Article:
People who spend time in nature are happier

Sometimes you have to take a break and look around to see how soothing nature is. Although less obvious when living in an urban setting, spending time outside the city is essential. Here are some points that should convince you to enjoy the weather and escape from the city.

People who spend time in nature are happier

1. Nature reduces stress and helps to make sense of its existence

There are a handful of studies that show that spending time in nature has positive effects on morale. In a study conducted at the University of Chiba in Japan, scientists showed that people who were more in symbiosis with nature were happier. During the life of the project, groups were divided in two. Half had to spend time in the forest, while the other lived in an urban environment. The next day, the groups were interchanged. Scientists noticed that when the 280 participants were in the forest, their pulse, blood pressure and cortisol levels were lower.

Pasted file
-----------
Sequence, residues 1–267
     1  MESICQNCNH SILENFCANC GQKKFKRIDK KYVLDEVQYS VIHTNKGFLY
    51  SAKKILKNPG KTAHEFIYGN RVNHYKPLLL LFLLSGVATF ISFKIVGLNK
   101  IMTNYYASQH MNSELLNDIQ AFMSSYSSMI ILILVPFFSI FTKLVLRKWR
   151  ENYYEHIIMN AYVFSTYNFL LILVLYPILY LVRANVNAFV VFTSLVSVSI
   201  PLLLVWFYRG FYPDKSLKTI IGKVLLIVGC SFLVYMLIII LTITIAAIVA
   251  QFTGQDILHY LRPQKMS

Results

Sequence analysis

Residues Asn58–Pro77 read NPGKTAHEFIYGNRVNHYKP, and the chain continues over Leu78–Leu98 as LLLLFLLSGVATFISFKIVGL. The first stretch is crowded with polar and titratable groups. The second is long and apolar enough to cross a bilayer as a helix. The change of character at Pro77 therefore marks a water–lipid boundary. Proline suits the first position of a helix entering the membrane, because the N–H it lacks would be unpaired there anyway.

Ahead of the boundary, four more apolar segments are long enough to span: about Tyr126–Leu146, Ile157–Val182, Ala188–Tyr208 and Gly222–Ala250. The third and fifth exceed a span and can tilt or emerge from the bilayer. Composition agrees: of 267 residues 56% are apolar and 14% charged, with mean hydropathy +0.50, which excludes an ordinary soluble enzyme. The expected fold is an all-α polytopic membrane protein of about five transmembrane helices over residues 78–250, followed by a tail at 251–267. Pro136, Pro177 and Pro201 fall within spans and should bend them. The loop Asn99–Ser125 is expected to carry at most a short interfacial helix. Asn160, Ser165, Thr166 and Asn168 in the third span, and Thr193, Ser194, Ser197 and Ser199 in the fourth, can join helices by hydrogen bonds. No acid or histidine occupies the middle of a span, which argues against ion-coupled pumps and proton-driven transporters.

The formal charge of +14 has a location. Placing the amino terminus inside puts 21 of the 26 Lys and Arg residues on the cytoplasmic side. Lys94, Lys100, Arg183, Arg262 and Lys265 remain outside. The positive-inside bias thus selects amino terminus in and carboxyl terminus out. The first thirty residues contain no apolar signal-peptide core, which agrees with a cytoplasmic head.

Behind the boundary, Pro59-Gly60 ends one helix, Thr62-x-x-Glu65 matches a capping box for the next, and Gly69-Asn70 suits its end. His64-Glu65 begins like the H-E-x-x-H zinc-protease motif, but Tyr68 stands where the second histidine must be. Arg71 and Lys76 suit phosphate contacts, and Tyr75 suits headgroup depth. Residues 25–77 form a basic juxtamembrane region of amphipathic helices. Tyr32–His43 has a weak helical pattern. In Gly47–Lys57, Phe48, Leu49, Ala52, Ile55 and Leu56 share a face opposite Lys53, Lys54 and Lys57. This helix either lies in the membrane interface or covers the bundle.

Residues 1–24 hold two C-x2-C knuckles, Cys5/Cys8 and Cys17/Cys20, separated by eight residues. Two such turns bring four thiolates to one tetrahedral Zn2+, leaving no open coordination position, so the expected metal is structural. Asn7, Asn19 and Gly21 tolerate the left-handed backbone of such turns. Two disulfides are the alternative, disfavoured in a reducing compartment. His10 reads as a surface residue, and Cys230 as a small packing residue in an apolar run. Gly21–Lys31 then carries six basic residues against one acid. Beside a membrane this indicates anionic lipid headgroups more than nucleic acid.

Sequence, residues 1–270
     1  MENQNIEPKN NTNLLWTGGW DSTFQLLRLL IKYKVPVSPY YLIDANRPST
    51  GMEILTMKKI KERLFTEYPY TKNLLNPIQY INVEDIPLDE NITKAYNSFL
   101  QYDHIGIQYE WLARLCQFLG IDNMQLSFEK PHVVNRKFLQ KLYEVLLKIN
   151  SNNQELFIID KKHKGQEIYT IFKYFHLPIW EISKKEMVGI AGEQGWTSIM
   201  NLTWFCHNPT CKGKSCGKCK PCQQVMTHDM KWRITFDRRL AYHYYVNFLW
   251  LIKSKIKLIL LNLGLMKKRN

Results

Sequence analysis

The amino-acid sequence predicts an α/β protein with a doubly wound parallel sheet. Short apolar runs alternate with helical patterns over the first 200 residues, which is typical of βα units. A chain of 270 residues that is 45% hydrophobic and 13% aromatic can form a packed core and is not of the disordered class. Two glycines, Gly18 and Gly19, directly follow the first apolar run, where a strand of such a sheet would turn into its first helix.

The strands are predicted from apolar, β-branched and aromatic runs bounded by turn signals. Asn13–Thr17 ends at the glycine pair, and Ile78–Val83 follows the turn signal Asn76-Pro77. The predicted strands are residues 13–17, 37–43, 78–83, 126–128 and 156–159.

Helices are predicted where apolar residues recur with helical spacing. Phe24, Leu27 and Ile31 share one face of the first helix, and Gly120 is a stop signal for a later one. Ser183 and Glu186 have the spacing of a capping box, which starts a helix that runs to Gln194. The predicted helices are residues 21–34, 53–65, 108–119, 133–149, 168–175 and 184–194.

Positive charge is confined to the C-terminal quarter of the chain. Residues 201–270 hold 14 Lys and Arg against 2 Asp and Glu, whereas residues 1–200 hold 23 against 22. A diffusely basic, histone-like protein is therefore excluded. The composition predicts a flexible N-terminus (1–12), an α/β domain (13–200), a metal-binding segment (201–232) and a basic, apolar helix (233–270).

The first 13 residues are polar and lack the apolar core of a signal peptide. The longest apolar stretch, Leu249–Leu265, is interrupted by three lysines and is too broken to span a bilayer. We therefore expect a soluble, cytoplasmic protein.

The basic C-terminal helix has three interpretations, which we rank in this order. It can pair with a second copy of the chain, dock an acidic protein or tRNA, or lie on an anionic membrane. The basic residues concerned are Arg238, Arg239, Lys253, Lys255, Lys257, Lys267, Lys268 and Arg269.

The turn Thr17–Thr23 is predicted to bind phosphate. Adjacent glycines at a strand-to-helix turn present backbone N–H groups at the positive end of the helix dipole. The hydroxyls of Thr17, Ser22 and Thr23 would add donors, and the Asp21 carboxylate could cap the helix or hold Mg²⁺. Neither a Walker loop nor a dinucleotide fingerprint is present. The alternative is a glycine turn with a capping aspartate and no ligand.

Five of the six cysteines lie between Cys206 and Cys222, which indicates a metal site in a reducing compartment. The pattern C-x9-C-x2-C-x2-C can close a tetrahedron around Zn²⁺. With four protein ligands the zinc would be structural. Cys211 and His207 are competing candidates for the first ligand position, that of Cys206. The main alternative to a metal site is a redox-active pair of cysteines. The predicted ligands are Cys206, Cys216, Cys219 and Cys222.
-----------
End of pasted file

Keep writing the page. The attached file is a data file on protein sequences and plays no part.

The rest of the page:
2. Walking in the forest stimulates the immune system

It is not only the brain that is stimulated by the outdoors, but also the body. Walking in the forest strengthens the muscles and increases the resistance of the immune system. According to a study conducted at the Tokyo Nippon School of Medicine, when humans inhale phytoncides, molecules secreted into the air by trees and plants, the effects on the human body are beneficial to the immune system.

3. In-kind activity burns calories

A simple forest walk of 60 minutes can burn up to 500 calories. It is also less demanding for the body and joints to spend time in nature than practicing jogging, for example. Walking in the forest reduces blood pressure and helps prevent heart disease. Obviously, calories burned can also contribute to weight loss.

4. The brain is stimulated after a walk in the forest

The breathtaking landscapes, the surrounding noises, the sometimes arid terrain: all these elements contribute to stimulate the brain and creativity. Researchers at the University of Kansas and Utah say that spending time in the wild, far from technology, is a big help in developing intuition.

To draw these conclusions, the scientists sent 56 participants on a four- or six-day trip to the forests of Alaska, Colorado, Maine and Washington. During this period of time, guinea pigs were not allowed to use electronic machines. By the end of their in-kind stay, their level of creativity had increased by 50%, as had their problem-solving skills. Of course, studies have shown that the combination of nature and the remoteness of technology has a direct impact on humans.

Moreover, according to John Muir’s environmentalism, returning to the woods is like returning from where we come from.

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